1998: Child Online Protection Act passes. Repeated challenged on constitutional grounds, permanent injunction in 2009
1998: Digital Millennium Copyright Act (DMCA), including ban on discussion of circumvention technology
2000: Children's Internet Protection Act (CIPA), requiring schools to filter Internet access for children
2006: Deleting Online Predators Act (DOPA) fails to pass
2007: DOPA fails to pass again
2007: And again
2008: Trading with the Enemy Act, includes blacklist of sites which registrars must block
2010: Protecting Cyberspace as a National Asset Act fails to pass
2010: Combating Online Infringement and Counterfeits Act (COICA) fails to pass
2011: Stop Online Piracy Act (SOPA) introduced, including sweeping censorship powers. Politically well supported until mass action forces postponement in 2012
2011: Protect Intellectual Property Act (PIPA) proposed. Postponed after mass action
2011: Cyber Intelligence Sharing and Protection Act (CISPA), includes blocking and censorship powers. Rejected by Senate
2013: CISPA reintroduced
Source: Wikipedia

The same argument extends to national censorship: there are nations where accessing politically disruptive or religiously offensive material is illegal, and they censor it. As outside observers, we may disapprove of this, but we don't get to enforce our preferences on them, nor vice versa.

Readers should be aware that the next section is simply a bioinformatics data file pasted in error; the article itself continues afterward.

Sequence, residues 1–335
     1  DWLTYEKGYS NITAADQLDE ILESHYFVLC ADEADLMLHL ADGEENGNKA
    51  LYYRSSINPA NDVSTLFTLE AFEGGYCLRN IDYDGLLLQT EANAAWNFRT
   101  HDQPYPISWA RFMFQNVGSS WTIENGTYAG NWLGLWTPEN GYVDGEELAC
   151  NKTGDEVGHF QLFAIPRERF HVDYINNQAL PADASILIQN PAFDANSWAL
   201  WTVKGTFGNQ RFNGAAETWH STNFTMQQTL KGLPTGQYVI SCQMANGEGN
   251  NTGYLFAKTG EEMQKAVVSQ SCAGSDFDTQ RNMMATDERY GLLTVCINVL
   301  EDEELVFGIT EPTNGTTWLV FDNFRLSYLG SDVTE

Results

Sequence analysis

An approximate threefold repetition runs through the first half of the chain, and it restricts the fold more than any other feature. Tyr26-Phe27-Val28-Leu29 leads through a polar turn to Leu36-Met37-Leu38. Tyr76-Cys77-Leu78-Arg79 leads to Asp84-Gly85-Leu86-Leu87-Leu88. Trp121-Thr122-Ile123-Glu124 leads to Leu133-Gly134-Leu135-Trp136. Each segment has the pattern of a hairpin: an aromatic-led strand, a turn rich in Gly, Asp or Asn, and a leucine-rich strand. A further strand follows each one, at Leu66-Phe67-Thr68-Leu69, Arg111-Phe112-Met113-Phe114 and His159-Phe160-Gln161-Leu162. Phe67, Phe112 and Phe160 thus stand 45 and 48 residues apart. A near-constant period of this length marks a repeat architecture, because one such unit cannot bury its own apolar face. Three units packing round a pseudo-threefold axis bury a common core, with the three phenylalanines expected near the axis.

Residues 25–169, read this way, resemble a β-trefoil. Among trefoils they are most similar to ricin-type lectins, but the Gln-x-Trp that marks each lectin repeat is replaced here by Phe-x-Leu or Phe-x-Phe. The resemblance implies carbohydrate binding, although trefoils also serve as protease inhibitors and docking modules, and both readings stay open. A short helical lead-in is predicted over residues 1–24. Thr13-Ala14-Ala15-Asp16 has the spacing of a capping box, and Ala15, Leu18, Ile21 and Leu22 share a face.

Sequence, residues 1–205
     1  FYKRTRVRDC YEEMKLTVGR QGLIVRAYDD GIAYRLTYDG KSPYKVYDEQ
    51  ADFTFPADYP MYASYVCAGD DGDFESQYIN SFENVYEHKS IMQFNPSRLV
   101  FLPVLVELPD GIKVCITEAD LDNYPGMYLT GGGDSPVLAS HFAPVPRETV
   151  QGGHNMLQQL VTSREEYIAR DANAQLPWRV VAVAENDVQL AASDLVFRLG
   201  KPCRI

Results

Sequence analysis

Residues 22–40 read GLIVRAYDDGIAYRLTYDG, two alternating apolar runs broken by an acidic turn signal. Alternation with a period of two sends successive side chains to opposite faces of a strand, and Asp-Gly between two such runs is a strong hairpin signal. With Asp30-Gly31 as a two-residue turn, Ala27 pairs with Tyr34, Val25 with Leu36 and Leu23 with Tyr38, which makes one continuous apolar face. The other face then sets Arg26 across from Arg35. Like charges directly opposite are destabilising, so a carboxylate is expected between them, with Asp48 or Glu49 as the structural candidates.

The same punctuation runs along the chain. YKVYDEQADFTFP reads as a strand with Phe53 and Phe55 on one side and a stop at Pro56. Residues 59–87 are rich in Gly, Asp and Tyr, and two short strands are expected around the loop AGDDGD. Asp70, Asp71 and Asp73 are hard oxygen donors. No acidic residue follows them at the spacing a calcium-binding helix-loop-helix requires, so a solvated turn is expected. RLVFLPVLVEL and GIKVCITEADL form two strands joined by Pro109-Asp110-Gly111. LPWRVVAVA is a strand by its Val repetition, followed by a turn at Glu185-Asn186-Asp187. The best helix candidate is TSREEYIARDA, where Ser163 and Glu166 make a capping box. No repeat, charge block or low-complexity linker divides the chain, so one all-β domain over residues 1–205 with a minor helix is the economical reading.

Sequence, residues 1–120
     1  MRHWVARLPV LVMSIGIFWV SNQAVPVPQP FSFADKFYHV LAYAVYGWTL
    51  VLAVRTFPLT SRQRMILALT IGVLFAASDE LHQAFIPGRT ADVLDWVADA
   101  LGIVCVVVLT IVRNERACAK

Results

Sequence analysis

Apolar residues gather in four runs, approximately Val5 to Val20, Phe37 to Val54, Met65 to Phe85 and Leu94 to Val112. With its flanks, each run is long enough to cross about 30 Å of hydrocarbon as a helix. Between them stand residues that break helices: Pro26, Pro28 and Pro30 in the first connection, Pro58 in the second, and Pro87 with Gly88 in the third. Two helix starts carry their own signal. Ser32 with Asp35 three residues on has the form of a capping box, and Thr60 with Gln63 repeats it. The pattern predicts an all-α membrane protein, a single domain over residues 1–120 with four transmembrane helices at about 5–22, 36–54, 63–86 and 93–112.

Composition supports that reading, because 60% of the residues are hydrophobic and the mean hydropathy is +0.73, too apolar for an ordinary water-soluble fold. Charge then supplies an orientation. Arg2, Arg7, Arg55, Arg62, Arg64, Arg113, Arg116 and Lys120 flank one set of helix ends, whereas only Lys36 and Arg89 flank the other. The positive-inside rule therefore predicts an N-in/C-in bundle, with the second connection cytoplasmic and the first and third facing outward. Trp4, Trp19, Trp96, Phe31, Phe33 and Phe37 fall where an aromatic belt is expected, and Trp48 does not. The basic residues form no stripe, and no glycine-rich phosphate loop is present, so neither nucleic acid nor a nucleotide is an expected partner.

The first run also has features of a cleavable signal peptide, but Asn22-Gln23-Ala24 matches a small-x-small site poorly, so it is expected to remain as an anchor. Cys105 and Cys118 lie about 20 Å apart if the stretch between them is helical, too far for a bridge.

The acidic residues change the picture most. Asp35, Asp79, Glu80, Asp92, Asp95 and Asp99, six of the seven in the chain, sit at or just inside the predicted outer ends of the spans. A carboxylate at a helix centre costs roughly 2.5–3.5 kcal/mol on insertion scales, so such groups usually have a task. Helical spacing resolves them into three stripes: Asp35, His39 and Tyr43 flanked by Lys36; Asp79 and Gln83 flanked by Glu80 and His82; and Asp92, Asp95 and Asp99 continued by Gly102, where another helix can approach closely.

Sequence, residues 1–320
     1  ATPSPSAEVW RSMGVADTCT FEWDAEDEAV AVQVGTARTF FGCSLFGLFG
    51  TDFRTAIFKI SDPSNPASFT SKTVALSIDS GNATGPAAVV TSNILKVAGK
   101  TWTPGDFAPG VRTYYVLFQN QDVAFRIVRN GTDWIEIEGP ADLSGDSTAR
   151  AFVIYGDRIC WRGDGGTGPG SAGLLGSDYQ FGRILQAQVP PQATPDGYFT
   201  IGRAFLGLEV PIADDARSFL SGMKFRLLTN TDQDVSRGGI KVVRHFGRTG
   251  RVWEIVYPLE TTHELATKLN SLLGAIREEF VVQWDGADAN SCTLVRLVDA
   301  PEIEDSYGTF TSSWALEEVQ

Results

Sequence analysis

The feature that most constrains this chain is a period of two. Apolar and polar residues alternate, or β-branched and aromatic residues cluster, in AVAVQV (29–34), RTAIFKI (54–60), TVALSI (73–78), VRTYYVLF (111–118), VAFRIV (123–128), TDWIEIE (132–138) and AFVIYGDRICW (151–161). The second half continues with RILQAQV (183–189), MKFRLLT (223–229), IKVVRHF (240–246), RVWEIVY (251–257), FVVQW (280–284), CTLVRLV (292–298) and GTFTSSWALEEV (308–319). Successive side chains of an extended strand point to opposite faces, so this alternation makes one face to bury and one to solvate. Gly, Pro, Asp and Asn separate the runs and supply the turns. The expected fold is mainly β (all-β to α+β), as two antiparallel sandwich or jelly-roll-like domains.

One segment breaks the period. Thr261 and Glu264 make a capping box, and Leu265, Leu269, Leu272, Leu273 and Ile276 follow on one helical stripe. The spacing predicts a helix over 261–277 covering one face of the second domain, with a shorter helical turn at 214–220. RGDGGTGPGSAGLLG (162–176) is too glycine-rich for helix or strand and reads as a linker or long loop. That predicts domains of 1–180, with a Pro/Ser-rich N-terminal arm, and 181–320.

Of course, that argument gets messy when the regime in question is outright abusive. Internet censorship was used to stifle protesters during the Arab Spring, for example. The slippery slope is very much in evidence: today's high-minded filter is tomorrow's tool of repression.

Annoying, expensive, futile

Anyway, it won't work. All the filters in the world can only succeed to a limited degree. At best, banned material can only be driven underground, where the dedicated already know to look. Paedophiles have long operated closed networks to swap images, piracy has continued to grow despite the copyright industry's best efforts, and the darknet, with communities like Silk Road operating out of the encrypted Tor network, are almost impossible to shut down or police.

Proponents of the plans would argue that is not the point: the goal is to prevent children from accidentally straying into offensive material. Cameron thinks the mere sight of run of the mill pornography will pervert innocent young minds, but at the more realistic end, there is a case to be made for shielding children from the extreme (and illegal) depictions of gore, rape, and sexual abuse available online.

Search engines' roles in delisting such pages are an effective way to reduce accidental visits, and probably the only meaningful move. Search engines like Google can play a role by removing objectionable material from their indexes. In rare cases, these companies can take a more active role in policing content, which is almost universally illegal or repugnant, such as malware or child pornography.